Publication

Electronic Execution Under the Corporations Act – Update

by Chris Drayton and Kristina Jukic
17 August 2021
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Electronic execution and split execution of documents is again permitted after The Treasury Laws Amendment (2021 Measures No.1) Bill 2021 (the Bill) passed both houses on 10 August 2021. 

The Bill provides that electronic execution and split execution of documents under section 127 of the Corporations Act 2001 (Cth) (Corporations Act) is again permitted. Royal assent was provided on 13 August 2021 and therefore the amendments contained in the Bill came into effect on 14 August 2021

Documents that can be executed electronically 

Section 127 sets out the ways a company can execute documents (including deeds). The definition of “document” for the purpose of the Corporations Act is broad and includes, amongst other things, “anything on which there is writing”. We note the types of documents which can now be executed electronically include:

  • deeds (such as deeds of assignment, deeds of settlement, incentive deeds), 
  • contracts (such as building contracts and contracts for land and property purchases),
  • agreements (such a loan agreements, licence agreements and non-disclosure agreements), 
  • leases and other land registry forms (such as variations of lease, surrenders of lease). 

However whether electronic execution is acceptable for registration forms for registration purposes must be determined on a case by case basis having regard to the requirements of the land registry office of the relevant state or territory.

Key Provisions of the Bill 

The Bill was originally introduced to Parliament in February 2021 and the intention was for the Bill to be passed prior to 21 March 2021 (being the expiry date of the then current temporary rules regarding electronic execution and split execution of documents). However, the Bill was not passed and we have been unable to rely on the temporary rules since 22 March 2021. This has caused uncertainty with regard to the validity of electronic execution by companies for the last (almost) 5 months.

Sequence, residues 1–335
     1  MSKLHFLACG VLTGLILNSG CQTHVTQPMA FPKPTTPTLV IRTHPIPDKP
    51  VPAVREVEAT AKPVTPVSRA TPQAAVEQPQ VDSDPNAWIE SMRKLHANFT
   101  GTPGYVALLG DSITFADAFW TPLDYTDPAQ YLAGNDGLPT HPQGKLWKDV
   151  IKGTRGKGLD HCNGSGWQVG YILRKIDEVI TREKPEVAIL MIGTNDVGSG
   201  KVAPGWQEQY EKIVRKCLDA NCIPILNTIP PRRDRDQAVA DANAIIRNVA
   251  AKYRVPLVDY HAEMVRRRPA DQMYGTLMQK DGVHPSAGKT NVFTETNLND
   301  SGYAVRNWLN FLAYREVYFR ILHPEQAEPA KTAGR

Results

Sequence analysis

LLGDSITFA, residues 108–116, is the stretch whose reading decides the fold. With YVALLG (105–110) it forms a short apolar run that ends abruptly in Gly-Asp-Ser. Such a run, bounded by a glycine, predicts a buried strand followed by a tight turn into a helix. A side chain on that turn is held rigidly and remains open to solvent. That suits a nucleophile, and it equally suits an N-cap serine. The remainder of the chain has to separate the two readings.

We have summarised the key provisions of the Bill below: 

  • The amendments are temporary and automatically expire on 31 March 2022 (see section 1267F). 
     
  • In order for electronic execution under section 127 (1) of the Corporations Act to be effective it must: 
    • Identify the signatory and confirm the signatories intention to sign the document; 
    • Be on a copy or counterpart of the document that includes the entire content (i.e. all annexures and pages included, the execution page must not be separated from the document); and 
    • Be reliable and appropriate for the purposes taking into account all circumstances. 
       
  • Companies must retain copies of the executed documents (all pages, not just the execution page/s), including where split execution occurs in which case each executed document must be retained. 
     
  • Documents can be signed electronically by copying and pasting a signature into the document or by using electronic execution tools such as DocuSign or Adobe Sign.
     
  • Remote witnessing of the fixing of a company seal for the purpose of execution under section 127(2) of the Corporations Act is permitted if:
    • The witness by electronic means observes the fixing of the common seal;
    • The witness signs the document; and 
    • The document contains a statement that the witness observed the fixing of the seal by electronic means.